CHICAGO - Police and members of the military are sworn in when they begin their service, but a small group took another oath Friday as they officially became citizens of the United States.
Among them was Chicago Police Department News Affairs Officer Hector Alfaro, who has served on the force for 22 years. Alfaro came to the U.S. when he was three. He joined the United States Marine Corps in 1983.
Now a naturalized citizen, Alfaro said he has achieved the American dream.
"My father always instilled work hard, and you will be successful," Alfaro said. "And I took that to heart, and that is what I taught my children. So if there is anything to take away from today, it is yeah, you can achieve your dreams. And this is one of them."
Among those who took the naturalization oath with Alfaro were seven members of the United States Navy.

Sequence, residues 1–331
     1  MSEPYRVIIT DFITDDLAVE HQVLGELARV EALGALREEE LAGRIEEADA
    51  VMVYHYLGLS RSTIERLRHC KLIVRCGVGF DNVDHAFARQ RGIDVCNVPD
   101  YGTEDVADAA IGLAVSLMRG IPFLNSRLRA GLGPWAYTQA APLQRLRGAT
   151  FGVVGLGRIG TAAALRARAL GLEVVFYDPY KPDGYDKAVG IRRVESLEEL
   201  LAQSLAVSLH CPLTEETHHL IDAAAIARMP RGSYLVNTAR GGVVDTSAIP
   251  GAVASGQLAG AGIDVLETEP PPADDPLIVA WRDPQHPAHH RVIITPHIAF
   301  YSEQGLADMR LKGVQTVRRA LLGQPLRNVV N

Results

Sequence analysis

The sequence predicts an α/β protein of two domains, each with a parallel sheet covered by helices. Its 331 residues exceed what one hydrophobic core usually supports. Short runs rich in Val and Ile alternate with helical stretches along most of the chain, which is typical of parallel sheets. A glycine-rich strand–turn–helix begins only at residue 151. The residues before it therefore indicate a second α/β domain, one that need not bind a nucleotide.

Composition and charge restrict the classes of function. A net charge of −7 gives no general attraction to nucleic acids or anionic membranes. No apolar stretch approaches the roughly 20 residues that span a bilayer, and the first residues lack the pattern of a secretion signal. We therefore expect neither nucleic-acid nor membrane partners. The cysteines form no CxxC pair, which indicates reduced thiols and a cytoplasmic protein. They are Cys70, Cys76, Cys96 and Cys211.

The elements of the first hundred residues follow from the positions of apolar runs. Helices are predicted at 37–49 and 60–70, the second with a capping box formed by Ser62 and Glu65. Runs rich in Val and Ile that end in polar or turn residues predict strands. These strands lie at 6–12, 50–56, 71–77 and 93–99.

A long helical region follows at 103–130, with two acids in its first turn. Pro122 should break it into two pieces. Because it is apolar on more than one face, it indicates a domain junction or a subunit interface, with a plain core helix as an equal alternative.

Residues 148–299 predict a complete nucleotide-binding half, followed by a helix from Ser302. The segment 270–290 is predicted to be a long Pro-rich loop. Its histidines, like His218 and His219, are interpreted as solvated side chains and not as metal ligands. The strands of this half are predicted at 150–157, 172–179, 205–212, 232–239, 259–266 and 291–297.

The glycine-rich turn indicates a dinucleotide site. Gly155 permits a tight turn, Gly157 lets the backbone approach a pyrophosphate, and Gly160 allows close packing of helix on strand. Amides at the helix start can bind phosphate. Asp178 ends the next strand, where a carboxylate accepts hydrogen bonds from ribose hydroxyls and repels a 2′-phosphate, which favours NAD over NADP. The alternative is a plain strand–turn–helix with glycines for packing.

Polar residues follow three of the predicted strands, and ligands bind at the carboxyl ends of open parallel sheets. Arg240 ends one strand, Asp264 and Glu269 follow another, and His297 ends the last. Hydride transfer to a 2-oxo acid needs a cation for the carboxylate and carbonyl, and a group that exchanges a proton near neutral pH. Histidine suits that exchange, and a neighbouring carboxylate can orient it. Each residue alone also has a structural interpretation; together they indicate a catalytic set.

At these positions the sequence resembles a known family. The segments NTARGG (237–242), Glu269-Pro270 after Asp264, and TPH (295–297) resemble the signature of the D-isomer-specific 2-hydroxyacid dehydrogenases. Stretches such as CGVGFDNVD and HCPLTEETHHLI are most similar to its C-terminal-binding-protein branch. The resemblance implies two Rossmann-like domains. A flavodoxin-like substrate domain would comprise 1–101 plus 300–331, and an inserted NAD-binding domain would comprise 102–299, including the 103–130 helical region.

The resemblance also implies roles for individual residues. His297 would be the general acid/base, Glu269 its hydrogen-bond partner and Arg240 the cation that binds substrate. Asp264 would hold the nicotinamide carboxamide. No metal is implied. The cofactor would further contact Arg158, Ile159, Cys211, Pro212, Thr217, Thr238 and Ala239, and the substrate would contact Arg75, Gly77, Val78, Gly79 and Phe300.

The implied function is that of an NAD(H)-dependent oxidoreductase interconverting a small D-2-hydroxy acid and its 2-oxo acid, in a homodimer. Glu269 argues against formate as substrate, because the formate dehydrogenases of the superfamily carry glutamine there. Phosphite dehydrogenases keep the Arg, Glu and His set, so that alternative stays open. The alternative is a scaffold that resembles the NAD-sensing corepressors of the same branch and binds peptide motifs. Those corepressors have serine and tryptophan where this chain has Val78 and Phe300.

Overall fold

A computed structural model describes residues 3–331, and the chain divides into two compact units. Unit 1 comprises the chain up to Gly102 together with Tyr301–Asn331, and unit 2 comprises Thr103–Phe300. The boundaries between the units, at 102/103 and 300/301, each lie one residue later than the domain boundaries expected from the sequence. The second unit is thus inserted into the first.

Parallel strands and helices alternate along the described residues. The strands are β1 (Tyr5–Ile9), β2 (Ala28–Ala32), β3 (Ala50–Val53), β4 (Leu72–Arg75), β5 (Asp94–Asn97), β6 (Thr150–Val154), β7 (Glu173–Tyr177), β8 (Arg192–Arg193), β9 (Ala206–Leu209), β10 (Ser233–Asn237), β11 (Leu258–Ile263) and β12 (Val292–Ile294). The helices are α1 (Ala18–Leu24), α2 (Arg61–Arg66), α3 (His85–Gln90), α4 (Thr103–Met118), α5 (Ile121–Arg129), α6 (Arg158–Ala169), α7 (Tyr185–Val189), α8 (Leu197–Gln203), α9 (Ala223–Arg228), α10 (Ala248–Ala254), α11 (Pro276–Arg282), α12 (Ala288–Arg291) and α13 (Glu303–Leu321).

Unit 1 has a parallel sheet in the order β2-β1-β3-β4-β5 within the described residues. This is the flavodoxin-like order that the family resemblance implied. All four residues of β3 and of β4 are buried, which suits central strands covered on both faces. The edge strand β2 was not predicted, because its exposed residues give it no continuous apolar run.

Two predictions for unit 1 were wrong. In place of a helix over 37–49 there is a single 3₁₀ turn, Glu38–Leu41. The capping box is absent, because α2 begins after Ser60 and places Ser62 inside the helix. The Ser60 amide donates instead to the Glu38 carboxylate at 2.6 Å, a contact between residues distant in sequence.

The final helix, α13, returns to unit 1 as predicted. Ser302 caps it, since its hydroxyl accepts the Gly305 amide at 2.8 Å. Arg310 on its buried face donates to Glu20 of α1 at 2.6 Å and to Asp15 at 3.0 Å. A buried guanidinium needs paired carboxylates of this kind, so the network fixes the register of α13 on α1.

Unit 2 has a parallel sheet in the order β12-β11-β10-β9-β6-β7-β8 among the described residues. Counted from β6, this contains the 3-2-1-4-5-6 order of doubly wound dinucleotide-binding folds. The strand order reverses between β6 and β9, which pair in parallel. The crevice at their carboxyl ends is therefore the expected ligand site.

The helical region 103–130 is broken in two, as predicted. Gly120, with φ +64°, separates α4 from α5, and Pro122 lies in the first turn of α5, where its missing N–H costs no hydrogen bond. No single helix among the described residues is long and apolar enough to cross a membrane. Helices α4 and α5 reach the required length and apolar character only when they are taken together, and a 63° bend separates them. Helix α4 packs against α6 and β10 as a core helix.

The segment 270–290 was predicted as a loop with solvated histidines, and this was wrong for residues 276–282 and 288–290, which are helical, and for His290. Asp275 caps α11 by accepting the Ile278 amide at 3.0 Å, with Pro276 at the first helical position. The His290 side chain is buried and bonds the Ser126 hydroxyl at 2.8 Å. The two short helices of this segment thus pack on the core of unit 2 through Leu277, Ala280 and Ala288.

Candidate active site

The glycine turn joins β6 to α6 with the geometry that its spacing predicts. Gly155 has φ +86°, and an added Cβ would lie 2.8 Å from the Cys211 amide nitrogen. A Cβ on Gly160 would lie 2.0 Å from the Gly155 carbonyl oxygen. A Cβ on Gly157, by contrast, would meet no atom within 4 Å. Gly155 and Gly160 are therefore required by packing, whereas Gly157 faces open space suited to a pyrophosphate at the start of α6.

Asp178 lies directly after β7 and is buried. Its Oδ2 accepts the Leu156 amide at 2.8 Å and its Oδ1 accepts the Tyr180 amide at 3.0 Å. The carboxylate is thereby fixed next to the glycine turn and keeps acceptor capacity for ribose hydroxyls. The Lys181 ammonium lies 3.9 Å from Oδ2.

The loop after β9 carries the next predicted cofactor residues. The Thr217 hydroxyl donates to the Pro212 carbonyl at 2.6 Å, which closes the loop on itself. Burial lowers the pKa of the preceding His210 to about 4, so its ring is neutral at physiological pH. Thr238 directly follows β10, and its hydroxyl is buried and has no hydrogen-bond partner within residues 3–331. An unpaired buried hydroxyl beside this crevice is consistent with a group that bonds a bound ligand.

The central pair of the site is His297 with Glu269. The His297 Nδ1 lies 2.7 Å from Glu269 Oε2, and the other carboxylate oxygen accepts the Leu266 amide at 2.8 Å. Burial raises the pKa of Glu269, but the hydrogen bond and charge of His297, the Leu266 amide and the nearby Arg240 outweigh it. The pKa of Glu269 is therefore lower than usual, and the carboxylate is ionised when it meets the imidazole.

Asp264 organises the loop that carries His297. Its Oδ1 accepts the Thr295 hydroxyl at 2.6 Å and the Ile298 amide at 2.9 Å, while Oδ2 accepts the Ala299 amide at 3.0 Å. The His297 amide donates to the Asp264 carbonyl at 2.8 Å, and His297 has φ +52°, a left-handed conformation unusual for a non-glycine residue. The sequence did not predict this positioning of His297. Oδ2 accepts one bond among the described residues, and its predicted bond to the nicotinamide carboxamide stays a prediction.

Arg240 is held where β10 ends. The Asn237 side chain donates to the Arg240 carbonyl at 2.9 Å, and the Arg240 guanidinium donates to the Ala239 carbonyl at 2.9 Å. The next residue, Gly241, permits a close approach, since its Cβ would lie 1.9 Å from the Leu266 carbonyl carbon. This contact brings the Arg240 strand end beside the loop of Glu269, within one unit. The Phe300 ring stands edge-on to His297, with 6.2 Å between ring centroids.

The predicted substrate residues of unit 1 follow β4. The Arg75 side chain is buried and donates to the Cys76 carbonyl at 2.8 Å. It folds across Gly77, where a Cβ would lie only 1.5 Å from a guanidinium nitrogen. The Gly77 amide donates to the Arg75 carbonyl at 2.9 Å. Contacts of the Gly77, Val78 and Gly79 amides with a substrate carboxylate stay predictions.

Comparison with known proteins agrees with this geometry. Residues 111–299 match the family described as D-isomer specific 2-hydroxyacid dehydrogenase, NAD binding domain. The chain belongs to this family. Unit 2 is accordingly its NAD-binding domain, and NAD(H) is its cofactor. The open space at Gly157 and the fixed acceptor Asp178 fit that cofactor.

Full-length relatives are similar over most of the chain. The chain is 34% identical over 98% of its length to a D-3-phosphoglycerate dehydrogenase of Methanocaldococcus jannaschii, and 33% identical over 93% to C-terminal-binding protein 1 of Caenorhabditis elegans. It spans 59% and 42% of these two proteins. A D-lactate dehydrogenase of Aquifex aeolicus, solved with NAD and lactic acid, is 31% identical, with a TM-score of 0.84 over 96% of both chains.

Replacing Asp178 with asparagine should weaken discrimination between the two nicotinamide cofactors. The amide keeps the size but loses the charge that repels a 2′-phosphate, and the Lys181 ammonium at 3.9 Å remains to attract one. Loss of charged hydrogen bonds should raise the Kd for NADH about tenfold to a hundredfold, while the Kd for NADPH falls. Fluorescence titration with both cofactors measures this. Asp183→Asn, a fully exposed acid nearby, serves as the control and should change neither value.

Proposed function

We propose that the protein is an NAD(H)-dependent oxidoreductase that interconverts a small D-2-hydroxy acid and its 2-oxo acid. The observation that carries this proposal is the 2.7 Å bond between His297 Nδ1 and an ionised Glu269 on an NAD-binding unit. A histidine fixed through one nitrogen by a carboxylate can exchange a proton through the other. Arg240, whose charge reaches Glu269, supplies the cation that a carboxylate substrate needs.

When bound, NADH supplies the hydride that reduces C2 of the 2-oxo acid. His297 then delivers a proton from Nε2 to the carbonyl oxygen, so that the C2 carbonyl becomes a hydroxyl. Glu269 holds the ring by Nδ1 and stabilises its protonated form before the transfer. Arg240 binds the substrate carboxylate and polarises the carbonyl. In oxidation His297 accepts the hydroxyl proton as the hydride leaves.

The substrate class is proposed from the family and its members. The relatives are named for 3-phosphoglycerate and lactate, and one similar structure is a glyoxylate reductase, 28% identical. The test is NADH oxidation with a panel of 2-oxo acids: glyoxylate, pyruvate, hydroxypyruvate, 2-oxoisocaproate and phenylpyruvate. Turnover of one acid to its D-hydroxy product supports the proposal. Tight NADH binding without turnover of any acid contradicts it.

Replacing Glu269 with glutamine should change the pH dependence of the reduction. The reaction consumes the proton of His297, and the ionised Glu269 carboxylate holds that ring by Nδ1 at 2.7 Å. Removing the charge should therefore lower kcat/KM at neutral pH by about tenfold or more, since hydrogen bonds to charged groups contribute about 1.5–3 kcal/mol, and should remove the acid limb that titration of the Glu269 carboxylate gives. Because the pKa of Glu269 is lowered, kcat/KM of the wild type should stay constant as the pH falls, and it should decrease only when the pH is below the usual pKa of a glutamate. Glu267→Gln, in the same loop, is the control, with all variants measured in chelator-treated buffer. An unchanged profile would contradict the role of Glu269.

"Just give them my all, show them what my country has to offer also," said Shari Mahon, a new U.S. citizen from Jamaica. "That is the greatest decision I ever made."
U.S. Sen. Tammy Duckworth, D-Illinois, attended the ceremony and praised the new citizens for their willingness to sacrifice for the U.S. before their citizenship was official.
"For you to step forward even before you became citizens to defend the values enshrined in our constitution is truly unique," Duckworth said.
Duckworth later told reporters that she hoped the ceremony would help President Donald Trump to make decisions in favor of young people who were brought into this country illegally as children.
Friday's ceremony was one of 200 held by United States Customs and Immigration Services to celebrate Constitution Day, which will be observed on Sunday. About 30,000 new U.S. citizens are expected to be naturalized during those ceremonies.